The House has unveiled its proposal to build on Florida’s election laws after what Republicans called a successful 2020 cycle.
The proposed committee bill touches on ballot security, maintains accessibility for voters and includes voting process transparency. That comes despite Republicans, including Gov. Ron DeSantis, touting Florida’s 2020 election cycle as one of the smoothest and most secure in recent history.
“By all accounts, Florida’s elections last year ran smoothly, and we’re looking to improve on our successes,” House Speaker Chris Sprowls said in a statement. “Florida has come a long way since the 2000 election cycle. Our progress is a result of consistent work to ensure that our elections processes are the best in the nation — we cannot stop now.”
Unlike the Senate version (SB 90), carried by Ocala Republican Sen. Dennis Baxley, the PCB would keep the existing ballot drop box legislation while adding monitoring requirements. Voting sites could only keep boxes available to the public during voting hours, and boxes must always be monitored, whether by Supervisor of Elections personnel, a law enforcement officer or a security camera.
DeSantis has asked the Legislature to prevent ballot harvesting by limiting the number of ballots a person can carry to a drop box, among other proposals. Per that request, people would have to show an ID and affirm that, if they don’t share an address with the voter as registered, they are an immediate family member.
People carrying a ballot that doesn’t belong to them or an immediate family member would face a first degree misdemeanor.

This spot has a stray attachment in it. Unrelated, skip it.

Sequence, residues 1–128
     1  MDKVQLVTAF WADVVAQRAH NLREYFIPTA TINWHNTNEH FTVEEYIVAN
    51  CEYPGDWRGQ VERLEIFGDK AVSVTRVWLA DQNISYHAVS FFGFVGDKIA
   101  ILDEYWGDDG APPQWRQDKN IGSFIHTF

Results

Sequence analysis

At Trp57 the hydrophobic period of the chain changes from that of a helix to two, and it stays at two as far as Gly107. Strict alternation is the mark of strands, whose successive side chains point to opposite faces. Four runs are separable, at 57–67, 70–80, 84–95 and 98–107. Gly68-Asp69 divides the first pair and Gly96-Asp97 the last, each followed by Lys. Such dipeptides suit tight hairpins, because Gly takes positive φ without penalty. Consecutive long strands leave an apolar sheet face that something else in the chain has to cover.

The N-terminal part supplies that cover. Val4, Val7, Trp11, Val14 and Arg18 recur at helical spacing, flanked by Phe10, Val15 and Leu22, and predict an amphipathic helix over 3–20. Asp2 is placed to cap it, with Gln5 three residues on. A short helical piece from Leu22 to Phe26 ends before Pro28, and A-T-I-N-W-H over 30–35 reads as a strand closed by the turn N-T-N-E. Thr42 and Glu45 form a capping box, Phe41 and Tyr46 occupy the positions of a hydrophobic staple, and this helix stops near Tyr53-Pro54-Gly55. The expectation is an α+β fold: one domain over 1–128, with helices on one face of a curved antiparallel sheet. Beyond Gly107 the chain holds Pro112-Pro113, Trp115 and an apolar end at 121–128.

It would also prohibit elections offices from sending vote-by-mail ballots en masse without explicit requests from voters, requests that under the bill would have to be renewed every General Election cycle.
The measure also strives to place additional security on people’s voter registrations by requiring a driver’s license number or the last four digits of the voter’s Social Security Number in addition to the current name and date of birth requirement.
The bill would also prohibit those who administer elections from receiving private funding to conduct election activities. Additionally, Canvassing Board members’ names would have to be posted online.
The proposal comes out of the House Public Integrity and Elections Committee, chaired by Rep. Erin Grall, a Vero Beach Republican. Her committee will discuss the draft proposal in a meeting Monday morning.
“We must have confidence in our elections from start to finish and this bill will help build trust in our process,” she said. “Ballot security, transparency and accessibility are critical elements to a system that people can trust and want to participate in.”
Spring Hill Republican Rep. Blaise Ingoglia, who spearheaded the state’s original drop box law, will be sponsoring the bill.
“Only by continual reform to safeguard our election process will Florida continue to be a national leader in elections,” he said. “In recent years, Floridians have come to expect unassailable election protocols — and in turn we owe them only the best. Now is not the time to rest on our laurels.”